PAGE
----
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The "patently offensive" standard stems from Miller v. California, 413 U.S. 15, 19 (1973), where a majority of the Court "agreed on concrete guidelines to isolate `hard core' pornography from expression protected by the First Amendment." One of the guidelines was "whether the work depicts or describes, in a patently offensive way, sexual conduct specifically defined by the applicable state law." Id. at 24. The Court gave "a few plain examples" of what could be included in such a definition. Id. at 25. Those examples did not include the "touching" provision quoted above, but later decisions made it clear that the Miller examples were not intended to be exhaustive. Ward v. Illinois, 431 U.S. 767, 773 (1977). Jenkins v. Georgia, 418 U.S. 153, 160-161 (1974). Hamling v. United States, 418 U.S. 87, 114 (1974).

In Commonwealth v. 707 Main Corp., 371 Mass, 374, 385 (1976), we held that in applying the "patently offensive" standard "triers of fact must decide whether a Massachusetts citizen of average susceptibilities would be repelled by depictions in the matter at issue." In a companion case we said that the statutory definition of "sexual conduct" "includes only `hard core' sexual conduct as described in Miller v. California, 413 U.S. 15, 25 (1973), and Jenkins v. Georgia, 418 U.S. 153, 160 (1974)." District Attorney for the N. Dist. v. Three Way Theatres Corp., 371 Mass. 391 , 393 (1976). We did not there focus on the "touching" provision, which plainly covers some conduct that is not necessarily "hard core" sexual conduct. In New Hampshire, the court felt compelled by constitutional considerations to read an identical "touching" provision out of the statute. State v. Manchester News Co.,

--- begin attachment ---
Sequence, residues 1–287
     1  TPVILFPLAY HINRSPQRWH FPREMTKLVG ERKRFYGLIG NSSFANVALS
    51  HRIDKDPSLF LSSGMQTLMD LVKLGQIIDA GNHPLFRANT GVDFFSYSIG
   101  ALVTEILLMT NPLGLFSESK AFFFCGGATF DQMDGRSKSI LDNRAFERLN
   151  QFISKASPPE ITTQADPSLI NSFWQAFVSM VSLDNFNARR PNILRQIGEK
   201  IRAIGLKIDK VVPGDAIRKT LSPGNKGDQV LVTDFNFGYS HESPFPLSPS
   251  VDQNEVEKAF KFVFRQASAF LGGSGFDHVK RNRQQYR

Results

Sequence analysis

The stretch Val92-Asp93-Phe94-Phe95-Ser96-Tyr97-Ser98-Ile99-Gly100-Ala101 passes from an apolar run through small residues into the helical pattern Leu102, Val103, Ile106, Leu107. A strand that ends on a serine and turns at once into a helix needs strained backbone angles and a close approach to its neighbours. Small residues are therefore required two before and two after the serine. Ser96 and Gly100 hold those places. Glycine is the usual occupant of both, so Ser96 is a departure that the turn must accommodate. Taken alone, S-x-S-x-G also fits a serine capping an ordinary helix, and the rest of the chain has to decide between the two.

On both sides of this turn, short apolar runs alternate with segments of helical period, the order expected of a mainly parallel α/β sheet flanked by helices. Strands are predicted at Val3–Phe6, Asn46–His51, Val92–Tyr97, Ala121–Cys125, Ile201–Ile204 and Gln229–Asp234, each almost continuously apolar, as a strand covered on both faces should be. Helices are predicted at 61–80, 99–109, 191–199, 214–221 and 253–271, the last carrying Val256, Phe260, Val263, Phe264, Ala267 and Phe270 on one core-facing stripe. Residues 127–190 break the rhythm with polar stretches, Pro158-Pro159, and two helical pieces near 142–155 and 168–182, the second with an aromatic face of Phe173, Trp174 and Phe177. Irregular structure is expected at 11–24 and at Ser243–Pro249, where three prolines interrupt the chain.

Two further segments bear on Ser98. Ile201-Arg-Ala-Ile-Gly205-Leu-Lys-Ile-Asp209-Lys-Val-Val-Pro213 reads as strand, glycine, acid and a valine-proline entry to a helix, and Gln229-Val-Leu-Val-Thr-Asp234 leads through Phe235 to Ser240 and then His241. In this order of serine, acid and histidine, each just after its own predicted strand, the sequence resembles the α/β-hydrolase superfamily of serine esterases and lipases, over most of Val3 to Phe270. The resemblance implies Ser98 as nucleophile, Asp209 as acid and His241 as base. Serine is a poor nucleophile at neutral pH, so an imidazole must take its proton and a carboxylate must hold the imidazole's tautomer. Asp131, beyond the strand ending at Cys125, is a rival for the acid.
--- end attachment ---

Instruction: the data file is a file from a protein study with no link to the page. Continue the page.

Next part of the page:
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118 N.H. 255, 258-260, appeal dismissed, 439 U.S. 949 (1978).

The present case does not require such drastic surgery. If we assume that the defendant engaged in statutory "sexual conduct" by touching herself, our statute requires a further finding that the conduct was depicted "in a patently offensive way." Contrast D & J Enterprises Inc. v. Attorney Gen., R.I. , - (1979), [Note a] where the statute defined certain conduct as "patently offensive sexual conduct," and was therefore held constitutionally overbroad. The decision of the trier of fact on the issue of patent offensiveness is not unreviewable; "it is always appropriate for the appellate court to review the sufficiency of the evidence." Smith v. United States, 431 U.S. 291, 305-306 (1977).